standing Letters

As a taxpayer in Hopkinton and a retired Chariho teacher, I am keenly aware of financial issues from both sides. I sometimes groan when I pay my tax bill, but then I remember that the majority of that money goes to the schools here, which are overwhelmingly successful by many standards, not just high-stakes testing. I am grateful for a system that serves our students well and helps hold my property value.

Since my 17-year residency in Hopkinton, I have heard criticism of the size of the fund balance held over from year to year and often used as a reason to object to the school budget. Recently I have taken the time to understand these concerns and take this opportunity to respond to the March 31 letter to the editor of this paper from Sylvia Thompson. I appreciate and thank her for her faithful service to Hopkinton, despite disagreeing with her position on the 2021 Chariho school budget referendum, which comes up for a vote on Tuesday .

I suspected Sylvia’s statement — “As of the last completed audit, Chariho had amassed a fund balance of $9.1 million” — to be misleading. When I dug into the audit to find this number, I discovered that $9.1 million is absolutely correct for the difference between what was budgeted in 2020 and what remains. However, $2.8 million of that is held in the category of non-spendable money for obligations outstanding from 2020 and $3.5 million is held in the committed category for expenses for which the system is liable in the future, leaving $2.8 million unassigned. As required by a Chariho School Committee fund balance policy, $1.6 million was sent back to the towns, leaving a $1.2 million dollar surplus in the Chariho School District fund balance to be used for emergencies. The Chariho fund balance policy allows a fund balance up to 4% of the budget. $1.2 million of a $60 million budget seems like a conservative rainy day fund to me .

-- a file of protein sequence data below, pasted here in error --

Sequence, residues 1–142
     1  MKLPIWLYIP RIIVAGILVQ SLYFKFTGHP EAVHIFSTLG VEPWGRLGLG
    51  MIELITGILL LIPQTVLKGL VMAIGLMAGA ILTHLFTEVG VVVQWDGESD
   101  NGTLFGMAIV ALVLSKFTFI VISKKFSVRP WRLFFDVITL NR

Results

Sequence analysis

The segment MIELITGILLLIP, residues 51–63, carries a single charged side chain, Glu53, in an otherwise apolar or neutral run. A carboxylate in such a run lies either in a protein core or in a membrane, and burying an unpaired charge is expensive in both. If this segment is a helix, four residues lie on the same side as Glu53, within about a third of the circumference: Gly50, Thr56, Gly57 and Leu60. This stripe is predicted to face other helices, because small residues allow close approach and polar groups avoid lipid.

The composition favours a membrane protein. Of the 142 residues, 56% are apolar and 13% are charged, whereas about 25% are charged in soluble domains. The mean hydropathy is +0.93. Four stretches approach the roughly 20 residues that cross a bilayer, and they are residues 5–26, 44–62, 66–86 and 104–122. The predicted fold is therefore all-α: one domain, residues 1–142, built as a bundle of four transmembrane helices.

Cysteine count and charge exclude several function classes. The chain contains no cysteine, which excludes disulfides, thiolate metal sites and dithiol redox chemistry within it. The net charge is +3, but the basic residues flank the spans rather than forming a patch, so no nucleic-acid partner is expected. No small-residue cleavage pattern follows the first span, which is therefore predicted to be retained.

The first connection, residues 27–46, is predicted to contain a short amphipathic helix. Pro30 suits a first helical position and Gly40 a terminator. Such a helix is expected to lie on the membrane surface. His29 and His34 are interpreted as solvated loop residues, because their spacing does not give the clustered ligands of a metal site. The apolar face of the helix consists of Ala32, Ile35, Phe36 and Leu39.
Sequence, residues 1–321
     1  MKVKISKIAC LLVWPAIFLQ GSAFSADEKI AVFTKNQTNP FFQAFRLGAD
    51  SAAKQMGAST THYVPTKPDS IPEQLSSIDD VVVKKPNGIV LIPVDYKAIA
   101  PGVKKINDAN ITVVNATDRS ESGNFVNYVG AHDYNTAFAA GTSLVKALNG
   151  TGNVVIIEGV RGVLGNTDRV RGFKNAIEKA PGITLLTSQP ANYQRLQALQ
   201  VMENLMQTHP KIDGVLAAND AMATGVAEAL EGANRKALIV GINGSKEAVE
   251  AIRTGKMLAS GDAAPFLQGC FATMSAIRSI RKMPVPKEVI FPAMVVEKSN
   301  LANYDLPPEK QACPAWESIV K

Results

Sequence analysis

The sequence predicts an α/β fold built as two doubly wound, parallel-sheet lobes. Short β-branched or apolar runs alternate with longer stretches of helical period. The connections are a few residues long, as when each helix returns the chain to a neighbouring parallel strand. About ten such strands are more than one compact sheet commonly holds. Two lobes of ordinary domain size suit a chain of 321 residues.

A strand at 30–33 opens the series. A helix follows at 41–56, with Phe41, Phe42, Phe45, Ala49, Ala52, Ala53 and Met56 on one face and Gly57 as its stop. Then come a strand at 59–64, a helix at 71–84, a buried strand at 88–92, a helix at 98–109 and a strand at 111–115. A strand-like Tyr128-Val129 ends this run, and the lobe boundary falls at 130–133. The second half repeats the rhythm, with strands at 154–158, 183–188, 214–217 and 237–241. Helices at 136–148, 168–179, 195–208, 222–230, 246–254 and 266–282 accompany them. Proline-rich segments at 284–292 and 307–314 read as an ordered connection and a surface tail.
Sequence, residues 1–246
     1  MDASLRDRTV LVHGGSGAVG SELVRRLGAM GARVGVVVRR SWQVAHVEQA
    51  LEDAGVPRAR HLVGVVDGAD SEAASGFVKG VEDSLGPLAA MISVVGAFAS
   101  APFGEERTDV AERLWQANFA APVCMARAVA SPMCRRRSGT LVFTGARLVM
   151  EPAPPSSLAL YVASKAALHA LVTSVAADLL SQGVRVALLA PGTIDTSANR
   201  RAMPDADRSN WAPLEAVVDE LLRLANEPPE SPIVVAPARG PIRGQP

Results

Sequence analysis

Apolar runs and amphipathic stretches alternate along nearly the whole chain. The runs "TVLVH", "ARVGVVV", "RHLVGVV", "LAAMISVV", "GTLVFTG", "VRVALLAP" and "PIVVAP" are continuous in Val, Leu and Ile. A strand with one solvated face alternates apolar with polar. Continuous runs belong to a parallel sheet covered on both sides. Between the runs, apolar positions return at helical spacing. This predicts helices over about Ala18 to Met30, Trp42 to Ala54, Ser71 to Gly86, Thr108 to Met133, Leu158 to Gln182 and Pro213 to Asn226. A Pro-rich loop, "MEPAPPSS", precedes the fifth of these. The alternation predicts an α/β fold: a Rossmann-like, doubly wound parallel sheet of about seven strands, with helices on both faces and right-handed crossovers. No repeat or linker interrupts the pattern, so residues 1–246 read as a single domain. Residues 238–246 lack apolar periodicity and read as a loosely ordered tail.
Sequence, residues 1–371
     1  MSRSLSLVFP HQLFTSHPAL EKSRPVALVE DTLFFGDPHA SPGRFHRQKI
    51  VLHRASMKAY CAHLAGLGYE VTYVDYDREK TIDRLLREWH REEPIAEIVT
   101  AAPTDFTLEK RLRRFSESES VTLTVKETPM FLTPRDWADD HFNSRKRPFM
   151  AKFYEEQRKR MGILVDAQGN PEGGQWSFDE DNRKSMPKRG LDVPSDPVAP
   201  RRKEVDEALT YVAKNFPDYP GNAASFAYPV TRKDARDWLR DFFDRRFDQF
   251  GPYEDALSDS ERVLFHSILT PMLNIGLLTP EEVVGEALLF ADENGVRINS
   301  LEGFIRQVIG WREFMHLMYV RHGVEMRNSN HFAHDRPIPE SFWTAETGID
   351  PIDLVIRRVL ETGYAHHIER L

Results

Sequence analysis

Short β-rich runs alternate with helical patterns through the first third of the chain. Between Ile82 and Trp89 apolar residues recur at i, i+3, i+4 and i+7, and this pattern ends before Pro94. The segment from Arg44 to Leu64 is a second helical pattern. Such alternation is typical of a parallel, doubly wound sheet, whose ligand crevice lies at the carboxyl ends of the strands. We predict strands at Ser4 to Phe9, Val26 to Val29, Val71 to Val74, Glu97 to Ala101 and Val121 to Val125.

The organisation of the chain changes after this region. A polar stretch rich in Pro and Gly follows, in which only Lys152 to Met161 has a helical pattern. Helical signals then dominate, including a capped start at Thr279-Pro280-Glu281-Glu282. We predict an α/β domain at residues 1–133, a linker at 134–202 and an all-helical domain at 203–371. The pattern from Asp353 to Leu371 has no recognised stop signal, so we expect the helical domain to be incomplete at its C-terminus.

I commend the School Committee and administration on applying for a waiver to the state for considering the “Newer and Fewer” proposal for matching funds. More study is obviously needed and the $250,000 allotment in the budget for this study will be well spent to help us make a good decision next year at this time for our elementary schools and is not a valid reason to vote this budget down.

I say vote yes on Tuesday, April 6, to show support for the students and staff of Chariho, confidence in the administration and School Committee and pride in our community.

Etta Zasloff

Hope Valley

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